Ever wondered why watching our favourite TV shows is so comforting, especially during difficult times? We asked a psychologist why so many of us are seeking solace in television during lockdown.
It happened like clockwork. Boris Johnson had just announced that the country was going under lockdown. My family had sat in silence for a little bit, comprehending what had just happened. I felt that familiar feeling of anxiety creeping into my chest. And so I did the only thing I could imagine – I switched on Gilmore Girls.
I know, I know – it sounds silly. But in that moment of chaos, when everything felt so out of my control, the predictability of my favourite TV show was just what I needed. Sitting down with Lorelai and Rory and escaping to Stars Hollow for a few hours took my mind off of all the massive, history-defining stuff going on outside my bedroom window.
And I’m not the only one seeking solace in my favourite TV moments right now. I’ve had plenty of conversations with friends, family members and colleagues about how they’re rewatching Friends for the 96th time or bingeing whole series of Sex And The City to get them through empty weekends.
So what is it about our favourite TV shows that makes them so lockdown-appropriate? Is it because we have so much time on our hands right now? Or is it because, as in my case, we’re all craving a bit of “normality” right now?
“Our favourite TV shows are so comforting because they give us a feeling of safety,” explains Kate Nightingale, a consumer psychologist. “We know what will happen to the characters we love (usually those that are similar to us and go through similar life challenges). We know how they made us feel, often comforting, inspired, safe or motivated.
“We basically know what to expect, which is completely opposite to the feelings we are faced with every day now. Lack of certainty is daunting, and returning to the safety of our favourite films and TV shows is a great escape – but also gives us hope that it will all work out just fine.”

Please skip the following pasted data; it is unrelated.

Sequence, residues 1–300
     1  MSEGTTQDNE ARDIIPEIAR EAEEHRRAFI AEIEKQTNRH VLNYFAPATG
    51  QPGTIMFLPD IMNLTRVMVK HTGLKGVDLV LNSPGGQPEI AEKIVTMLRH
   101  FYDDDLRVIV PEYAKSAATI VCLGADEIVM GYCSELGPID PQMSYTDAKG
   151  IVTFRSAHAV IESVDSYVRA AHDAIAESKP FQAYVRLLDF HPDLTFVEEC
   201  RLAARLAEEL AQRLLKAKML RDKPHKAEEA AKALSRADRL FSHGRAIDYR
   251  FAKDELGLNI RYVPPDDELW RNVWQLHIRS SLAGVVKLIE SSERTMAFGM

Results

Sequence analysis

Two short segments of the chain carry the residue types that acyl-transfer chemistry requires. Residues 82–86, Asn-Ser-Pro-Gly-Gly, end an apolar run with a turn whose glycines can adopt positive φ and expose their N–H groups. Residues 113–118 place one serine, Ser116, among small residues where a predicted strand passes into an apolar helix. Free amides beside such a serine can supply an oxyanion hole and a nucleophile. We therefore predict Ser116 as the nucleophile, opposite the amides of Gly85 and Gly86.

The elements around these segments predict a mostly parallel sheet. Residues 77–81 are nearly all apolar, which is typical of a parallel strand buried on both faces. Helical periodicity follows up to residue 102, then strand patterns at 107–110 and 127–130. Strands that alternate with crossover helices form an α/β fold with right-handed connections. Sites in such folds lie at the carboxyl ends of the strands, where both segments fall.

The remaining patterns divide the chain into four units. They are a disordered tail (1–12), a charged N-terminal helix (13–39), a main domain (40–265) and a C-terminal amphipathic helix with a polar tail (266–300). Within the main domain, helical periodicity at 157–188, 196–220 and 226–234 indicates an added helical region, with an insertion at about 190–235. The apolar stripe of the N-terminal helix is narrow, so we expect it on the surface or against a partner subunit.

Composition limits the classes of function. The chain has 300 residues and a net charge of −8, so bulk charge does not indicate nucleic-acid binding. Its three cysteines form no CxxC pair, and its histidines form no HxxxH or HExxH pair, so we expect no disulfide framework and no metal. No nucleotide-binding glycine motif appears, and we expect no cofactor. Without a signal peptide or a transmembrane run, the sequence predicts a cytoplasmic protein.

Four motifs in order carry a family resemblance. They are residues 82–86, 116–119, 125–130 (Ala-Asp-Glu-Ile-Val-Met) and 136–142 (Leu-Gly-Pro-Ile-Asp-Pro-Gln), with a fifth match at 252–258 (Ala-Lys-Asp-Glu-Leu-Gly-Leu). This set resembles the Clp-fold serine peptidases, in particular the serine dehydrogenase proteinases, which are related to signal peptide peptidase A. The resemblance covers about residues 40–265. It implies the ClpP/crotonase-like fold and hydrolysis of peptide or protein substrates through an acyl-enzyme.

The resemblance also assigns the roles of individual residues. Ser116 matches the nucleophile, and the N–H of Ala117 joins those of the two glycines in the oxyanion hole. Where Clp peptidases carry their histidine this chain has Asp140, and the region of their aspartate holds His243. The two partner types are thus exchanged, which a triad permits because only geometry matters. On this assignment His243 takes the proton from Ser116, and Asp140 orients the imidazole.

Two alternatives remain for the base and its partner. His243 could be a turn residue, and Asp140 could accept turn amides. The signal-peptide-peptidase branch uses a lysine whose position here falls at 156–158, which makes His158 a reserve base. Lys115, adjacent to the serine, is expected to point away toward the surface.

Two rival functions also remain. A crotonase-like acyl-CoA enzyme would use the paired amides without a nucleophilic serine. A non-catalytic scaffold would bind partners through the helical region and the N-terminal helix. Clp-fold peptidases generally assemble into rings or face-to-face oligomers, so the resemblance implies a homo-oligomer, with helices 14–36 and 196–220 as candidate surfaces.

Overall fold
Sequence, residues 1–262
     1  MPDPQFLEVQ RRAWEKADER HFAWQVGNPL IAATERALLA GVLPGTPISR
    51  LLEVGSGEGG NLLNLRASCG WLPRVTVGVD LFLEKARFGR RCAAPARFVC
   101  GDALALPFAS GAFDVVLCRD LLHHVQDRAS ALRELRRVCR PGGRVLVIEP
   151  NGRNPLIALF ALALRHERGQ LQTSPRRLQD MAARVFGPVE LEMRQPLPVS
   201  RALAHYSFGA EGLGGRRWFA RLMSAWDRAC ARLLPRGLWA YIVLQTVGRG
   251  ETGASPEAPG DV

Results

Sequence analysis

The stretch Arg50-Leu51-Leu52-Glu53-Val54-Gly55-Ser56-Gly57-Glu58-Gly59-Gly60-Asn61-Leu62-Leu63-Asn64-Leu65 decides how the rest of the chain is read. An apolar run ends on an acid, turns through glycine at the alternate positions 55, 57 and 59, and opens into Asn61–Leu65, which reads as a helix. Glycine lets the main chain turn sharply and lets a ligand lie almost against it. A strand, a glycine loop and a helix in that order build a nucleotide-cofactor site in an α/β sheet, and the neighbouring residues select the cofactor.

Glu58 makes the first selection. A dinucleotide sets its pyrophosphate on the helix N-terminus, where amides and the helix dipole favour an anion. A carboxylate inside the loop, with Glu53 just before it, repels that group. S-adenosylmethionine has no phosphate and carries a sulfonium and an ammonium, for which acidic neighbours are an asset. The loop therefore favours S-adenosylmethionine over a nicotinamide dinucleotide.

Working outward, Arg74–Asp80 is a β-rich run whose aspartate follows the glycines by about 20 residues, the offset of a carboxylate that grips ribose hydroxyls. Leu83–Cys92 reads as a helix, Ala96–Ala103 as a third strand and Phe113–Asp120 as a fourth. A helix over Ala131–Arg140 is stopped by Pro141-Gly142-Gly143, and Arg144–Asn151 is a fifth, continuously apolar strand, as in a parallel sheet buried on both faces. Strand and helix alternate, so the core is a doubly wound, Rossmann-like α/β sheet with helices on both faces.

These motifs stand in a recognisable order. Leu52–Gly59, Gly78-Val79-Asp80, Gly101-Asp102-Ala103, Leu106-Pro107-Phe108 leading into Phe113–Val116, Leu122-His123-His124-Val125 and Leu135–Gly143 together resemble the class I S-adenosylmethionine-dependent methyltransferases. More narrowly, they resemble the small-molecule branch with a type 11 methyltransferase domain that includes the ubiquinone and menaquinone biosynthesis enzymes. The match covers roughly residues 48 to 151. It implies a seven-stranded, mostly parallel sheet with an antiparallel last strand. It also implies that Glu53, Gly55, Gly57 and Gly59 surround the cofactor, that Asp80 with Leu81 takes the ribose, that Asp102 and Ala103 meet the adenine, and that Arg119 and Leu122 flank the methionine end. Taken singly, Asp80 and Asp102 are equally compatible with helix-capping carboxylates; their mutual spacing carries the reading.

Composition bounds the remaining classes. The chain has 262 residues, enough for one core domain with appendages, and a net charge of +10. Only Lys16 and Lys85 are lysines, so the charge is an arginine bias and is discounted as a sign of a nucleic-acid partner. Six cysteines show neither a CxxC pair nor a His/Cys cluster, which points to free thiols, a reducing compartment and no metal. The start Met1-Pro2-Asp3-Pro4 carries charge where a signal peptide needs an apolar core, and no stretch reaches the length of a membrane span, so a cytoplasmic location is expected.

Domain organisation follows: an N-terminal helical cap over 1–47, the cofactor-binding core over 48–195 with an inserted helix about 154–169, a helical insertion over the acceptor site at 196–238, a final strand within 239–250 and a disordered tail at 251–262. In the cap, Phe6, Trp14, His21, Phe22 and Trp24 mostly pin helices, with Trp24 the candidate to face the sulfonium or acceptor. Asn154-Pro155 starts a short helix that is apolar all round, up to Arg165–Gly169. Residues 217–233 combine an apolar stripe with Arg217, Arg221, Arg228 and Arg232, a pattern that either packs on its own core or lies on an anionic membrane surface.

Indulging in our favourite TV shows also brings about a sense of nostalgia which is reassuring in these difficult times – when we rewatch our favourite films and TV shows, we’re also remembering all the good memories that are associated with them and longing for those “simpler” times, even if we know that the context of those memories wasn’t as rosy as we remember them.
“Usually the nostalgic experiences we remember as so easy and simple were really very challenging and hard,” Nightingale points out. “However, we know we came out of them and tend to prefer to remember all that was good about it. This selective attention on what was good is a coping mechanism in times of uncertainty, like the ones we live in now.”
In this way, going back to our favourite TV shows allows us to flood ourselves in good memories, and offers a kind of escapism from the situation we’re currently navigating.
As Krystine Batcho, a licensed psychologist and a professor at Le Moyne College in Syracuse, New York who researches nostalgia, previously told Today: “When people are stressed, or anxious, or feeling out of control, nostalgia helps calm them down. It’s comforting. It’s analogous to a hug from your mom or dad or being cuddled.”
Whether we’re indulging in this nostalgic feeling, baking bread for the first time or trying our hands at meditation, Nightingale suggests that the coping mechanisms we’re turning to during this difficult time are all linked to one key desire: a sense of control.
“People have many coping mechanisms: meditation, exercise, cooking, baking, drinking, gardening, education, reading etc,” Nightingale says. “Everyone chooses what seems best at any given moment, but they are all about some sense of control over something: our body, our mind, plants in the garden, intelligence etc.
“Some small control over something gives us hope that we are able to face any challenges.”
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